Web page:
Bitcoin price closed its February monthly candle below $9,400, after a massive surge in January that took the price of the first-ever cryptocurrency from $6,800 to nearly $10,000.
The massive move in January appeared to be the start of a new bull market trend, but the devastating crash on the heels of coronavirus pandemic proliferation panic has increased fears that another bear market may be starting across the asset class. However, according to volume data, both months are more than likely nothing but consolidation ahead of the real reversal.
February Monthly Candle Closes Bearish, Clamors Crypto Traders
Following a 60% rise in the first two months of the year, crypto investors had been fully confident that a new bull market had begun, and the rally was just the start of the surge ahead of the upcoming Bitcoin halving this May.
But during the last week of February, just as coronavirus fears reached crisis mode and caused the worst stock market crash since the economic recession occurred, Bitcoin and other cryptocurrencies also had a cataclysmic collapse.
Bitcoin, which had been trading at highs of over $10,000 – a key psychological level – fell in dramatic fashion, reaching $8,400 at its recent low before making an attempt to bounce higher.
The fall turned a bullish February price candlestick into an extremely bearish one. The monthly close being so “bad” was the talk of the cryptocurrency community over the weekend, comparing it to the “top” candle back in July of 2019.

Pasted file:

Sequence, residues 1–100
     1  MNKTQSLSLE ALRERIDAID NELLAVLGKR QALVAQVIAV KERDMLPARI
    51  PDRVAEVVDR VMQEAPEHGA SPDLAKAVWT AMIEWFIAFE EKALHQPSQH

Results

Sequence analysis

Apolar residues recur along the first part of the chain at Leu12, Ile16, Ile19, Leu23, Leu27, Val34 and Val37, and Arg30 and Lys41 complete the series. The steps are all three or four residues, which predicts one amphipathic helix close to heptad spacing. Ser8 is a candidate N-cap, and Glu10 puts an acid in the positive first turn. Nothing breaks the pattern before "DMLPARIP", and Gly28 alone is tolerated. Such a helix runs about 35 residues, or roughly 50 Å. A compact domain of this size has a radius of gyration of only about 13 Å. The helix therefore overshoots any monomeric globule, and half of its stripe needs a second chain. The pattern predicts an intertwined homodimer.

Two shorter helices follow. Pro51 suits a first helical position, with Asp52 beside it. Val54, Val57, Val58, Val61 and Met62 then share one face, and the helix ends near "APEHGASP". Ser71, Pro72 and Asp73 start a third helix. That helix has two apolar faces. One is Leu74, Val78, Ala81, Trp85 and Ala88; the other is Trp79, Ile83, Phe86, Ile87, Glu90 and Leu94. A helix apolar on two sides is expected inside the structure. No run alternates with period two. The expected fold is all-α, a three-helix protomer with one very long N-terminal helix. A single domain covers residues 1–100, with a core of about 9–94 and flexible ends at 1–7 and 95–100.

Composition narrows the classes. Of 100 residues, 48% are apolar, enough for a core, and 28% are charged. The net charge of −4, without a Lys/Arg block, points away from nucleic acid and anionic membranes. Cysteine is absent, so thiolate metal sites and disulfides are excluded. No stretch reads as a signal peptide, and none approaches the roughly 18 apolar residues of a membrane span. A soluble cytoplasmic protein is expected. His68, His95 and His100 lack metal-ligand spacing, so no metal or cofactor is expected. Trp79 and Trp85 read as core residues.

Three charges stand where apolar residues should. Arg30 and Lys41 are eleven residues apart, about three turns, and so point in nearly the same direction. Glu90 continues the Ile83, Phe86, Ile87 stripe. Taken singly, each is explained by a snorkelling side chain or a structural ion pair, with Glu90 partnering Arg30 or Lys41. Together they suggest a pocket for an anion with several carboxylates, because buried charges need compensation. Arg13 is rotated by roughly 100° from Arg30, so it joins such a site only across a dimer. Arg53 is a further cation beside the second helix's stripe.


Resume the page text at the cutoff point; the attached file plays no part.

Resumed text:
The two candles look strikingly similar, however, volume tells a very different story.
Compare this months volume to similar candle from July 19th
This is a consolidation candle, not reversal candle pic.twitter.com/JRxSiDz8m0
— Big Cheds (@BigCheds) February 29, 2020
Bitcoin Volume Points To Consolidation, Not Yet Ready For Reversal
Volume is often more important than price action itself, as, without volume to support a movement, any price action is likely highly manipulated and unsustainable.
A surge in volume accompanying a surge in price is typically indicative of a full-scale trend reversal. It’s also the major difference between the July 2019 monthly candle and the current February 2020 close.
In July 2019, the candle closed alongside a massive boost in trading volume, suggesting an extreme amount of Bitcoin changed hands during this timeframe.
The high volume reversal sent Bitcoin back into a bear trend for the last eight months, which it is still struggling to break free from.
Related Reading | Bitcoin Bearish Sell Pressure Is Waning Despite Aggressive Selloff
But until Bitcoin paints a high timeframe bullish candle that arrives with a massive spike in trading volume, Bitcoin is likely to remain in a bear trend.
It’s worth noting that bearish trading volume has been waning over the last two years, so that full reversal into a bull market may not be too far off at this point.